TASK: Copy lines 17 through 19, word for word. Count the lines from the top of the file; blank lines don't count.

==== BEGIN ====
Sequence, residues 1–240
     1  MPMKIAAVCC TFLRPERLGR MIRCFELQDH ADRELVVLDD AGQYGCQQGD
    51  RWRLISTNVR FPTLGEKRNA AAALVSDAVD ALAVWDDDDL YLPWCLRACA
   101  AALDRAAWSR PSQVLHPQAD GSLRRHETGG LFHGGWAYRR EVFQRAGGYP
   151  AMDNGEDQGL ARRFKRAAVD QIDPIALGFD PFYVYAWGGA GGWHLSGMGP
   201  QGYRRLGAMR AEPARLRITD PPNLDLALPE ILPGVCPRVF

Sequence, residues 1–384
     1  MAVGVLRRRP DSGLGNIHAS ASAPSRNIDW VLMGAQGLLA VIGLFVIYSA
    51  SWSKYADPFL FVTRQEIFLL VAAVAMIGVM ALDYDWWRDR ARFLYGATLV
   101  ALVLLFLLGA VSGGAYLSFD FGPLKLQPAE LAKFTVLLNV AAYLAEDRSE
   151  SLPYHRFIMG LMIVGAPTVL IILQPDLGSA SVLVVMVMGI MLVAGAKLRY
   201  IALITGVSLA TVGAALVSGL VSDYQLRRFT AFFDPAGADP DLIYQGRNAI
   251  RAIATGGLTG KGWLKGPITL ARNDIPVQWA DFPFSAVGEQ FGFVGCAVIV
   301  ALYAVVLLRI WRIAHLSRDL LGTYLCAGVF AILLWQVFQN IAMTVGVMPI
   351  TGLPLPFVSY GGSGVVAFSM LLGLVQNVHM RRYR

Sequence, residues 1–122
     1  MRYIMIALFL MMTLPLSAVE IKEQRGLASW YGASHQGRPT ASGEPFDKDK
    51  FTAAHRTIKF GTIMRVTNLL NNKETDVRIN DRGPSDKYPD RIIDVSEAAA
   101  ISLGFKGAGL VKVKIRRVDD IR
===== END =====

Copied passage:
     1  MRYIMIALFL MMTLPLSAVE IKEQRGLASW YGASHQGRPT ASGEPFDKDK
    51  FTAAHRTIKF GTIMRVTNLL NNKETDVRIN DRGPSDKYPD RIIDVSEAAA
   101  ISLGFKGAGL VKVKIRRVDD IR